ANR Project CoLiS
Correctness of Linux Scripts

ANR-15-CE25-0001,1/10/2015 - 30/9/2019

Logo Project Funded by the ANR


This project aims at applying techniques from deductive program verification and analysis of tree transformations to the problem of analyzing shell scripts, in particular those that are used in software installation. These scripts play a central role in the initial installation of UNIX and Linux machines, as well as in recurrent configuration, installation, and software maintenance tasks. Scripts interact with the state of the operating system, in particular via the file system.

Errors in scripts may have catastrophic consequences due to the fact that they are often executed at crucial moments, like the update of software packages that are installed on a UNIX-like machine. Scripts must work correctly in a multitude of different situations that probably have not been planned by the author of the script. For instance, installation scripts have to work correctly regardless of the choice of packages that currently are installed on the system, and they also have to work correctly in abnormal situations, for instance when the system administrator tries to resume an operation that was previously interrupted.

We see three main challenges:

  1. Script languages are difficult. They are Turing-complete programming languages. Typically they provide known features from imperative programming languages like various loop constructions (while, for, ...), assignment to variables, and recursive functions and procedures. Since script languages are often used for interaction with the operating system they provide easy means to invoke UNIX commands. However, their highly dynamic execution model is based on a combination of expansion (e.g. variable expansion), evaluation, and execution of system commands. They stand between macro expansion languages and classical programming languages.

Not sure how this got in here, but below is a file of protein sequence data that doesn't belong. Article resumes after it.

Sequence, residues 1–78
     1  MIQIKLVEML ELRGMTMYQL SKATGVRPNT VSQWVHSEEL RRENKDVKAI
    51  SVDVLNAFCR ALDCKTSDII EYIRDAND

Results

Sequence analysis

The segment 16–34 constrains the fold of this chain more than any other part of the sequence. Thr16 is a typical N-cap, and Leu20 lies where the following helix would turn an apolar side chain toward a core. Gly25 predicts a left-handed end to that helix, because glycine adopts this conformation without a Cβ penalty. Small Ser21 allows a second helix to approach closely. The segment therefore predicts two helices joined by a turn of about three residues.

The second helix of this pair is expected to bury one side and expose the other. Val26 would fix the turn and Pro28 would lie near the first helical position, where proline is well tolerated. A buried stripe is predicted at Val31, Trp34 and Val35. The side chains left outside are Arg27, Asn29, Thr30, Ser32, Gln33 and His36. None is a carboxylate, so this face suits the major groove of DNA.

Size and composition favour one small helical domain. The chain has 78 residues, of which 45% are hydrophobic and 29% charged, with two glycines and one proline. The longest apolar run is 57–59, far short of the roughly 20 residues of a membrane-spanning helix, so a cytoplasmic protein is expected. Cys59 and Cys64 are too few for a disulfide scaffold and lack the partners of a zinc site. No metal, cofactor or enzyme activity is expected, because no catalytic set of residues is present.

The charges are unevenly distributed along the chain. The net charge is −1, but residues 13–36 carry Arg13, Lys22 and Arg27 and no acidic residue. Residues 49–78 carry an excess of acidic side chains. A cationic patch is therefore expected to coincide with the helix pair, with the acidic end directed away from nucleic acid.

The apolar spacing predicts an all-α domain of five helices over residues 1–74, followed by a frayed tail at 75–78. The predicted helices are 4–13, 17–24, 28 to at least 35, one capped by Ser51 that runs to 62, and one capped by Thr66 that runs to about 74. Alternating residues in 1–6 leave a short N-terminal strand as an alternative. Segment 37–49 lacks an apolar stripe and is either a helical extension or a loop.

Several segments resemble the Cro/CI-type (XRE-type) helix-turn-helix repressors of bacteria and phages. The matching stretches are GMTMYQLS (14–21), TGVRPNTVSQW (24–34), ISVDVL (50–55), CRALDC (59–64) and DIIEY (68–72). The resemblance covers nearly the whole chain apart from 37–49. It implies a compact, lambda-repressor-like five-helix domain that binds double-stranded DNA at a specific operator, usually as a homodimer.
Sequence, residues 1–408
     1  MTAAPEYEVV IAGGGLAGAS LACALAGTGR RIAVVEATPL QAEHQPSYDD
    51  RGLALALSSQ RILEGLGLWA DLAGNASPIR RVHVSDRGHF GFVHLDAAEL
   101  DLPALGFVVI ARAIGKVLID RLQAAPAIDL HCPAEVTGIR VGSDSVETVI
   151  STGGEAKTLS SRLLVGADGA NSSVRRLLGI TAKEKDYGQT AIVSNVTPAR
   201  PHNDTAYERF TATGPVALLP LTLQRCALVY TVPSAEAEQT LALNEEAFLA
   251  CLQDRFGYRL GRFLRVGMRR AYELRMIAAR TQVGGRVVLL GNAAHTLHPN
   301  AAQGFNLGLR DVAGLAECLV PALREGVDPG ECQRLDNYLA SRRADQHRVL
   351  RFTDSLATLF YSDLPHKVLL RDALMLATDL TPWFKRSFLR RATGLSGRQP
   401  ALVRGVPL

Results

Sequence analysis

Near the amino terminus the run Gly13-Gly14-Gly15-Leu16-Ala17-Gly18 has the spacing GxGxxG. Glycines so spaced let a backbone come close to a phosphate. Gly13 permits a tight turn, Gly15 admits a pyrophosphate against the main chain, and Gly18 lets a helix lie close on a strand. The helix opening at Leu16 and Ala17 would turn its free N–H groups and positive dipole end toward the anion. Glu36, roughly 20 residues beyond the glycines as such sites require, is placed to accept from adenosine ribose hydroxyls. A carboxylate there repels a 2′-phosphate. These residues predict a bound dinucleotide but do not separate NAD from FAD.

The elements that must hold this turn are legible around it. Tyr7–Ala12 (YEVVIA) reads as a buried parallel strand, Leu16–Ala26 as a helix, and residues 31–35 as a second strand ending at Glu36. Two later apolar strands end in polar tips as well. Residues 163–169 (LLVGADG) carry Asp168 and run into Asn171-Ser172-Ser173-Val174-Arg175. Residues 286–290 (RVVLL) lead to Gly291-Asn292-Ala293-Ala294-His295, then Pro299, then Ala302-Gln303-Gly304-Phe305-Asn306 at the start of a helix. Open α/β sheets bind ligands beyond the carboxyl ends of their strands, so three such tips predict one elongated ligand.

2. The data structure that is manipulated by these scripts is a complex one, namely the file system tree that is installed on a UNIX-like machine. Our approach is to consider the file system, as seen by the programmer of a shell script (i.e. abstracting from the implementation of a file system) as a tree-like object. However, we have to cope with features like unbounded depth and width, multiple hard links to leaves, symbolic links, ownership and access permissions, and access dates.
  3. The properties we are interested in range from the simple to the complex. Simple properties may be that a script is not allowed to touch certain parts of the file system tree, complex properties involve sequences of executions of possibly different scripts, like executing an installation script then a de-installation script, or re-running a script after the first attempt to execute it has failed.

At the end of the project we want to produce tools that formally analyse and attempt to verify scripts, possibly giving assurance of correctness, or pin-pointing possible errors. This is an ambitious goal - we certainly will have do compromises, make hypotheses on the structure of the scripts, and do some approximations of the file system and the behavior of system commands. These assumptions and approximations will be guided by use cases of installation scripts from the Debian GNU/Linux distribution.

We will start by laying out the formal models of the shell script language and the file system data structure, and by developing a language for expressing properties of scripts to be verified. We will pursue two avenues of formal techniques: one based on tree transducers which are a formal system of transformations on trees (like XML trees, or file system trees), and the other one using deductive program verification techniques as proposed by the Why3 environment. We will also aim at combining these two technologies.

Partner Sites

Contact : Ralf Treinen (project coordinator)



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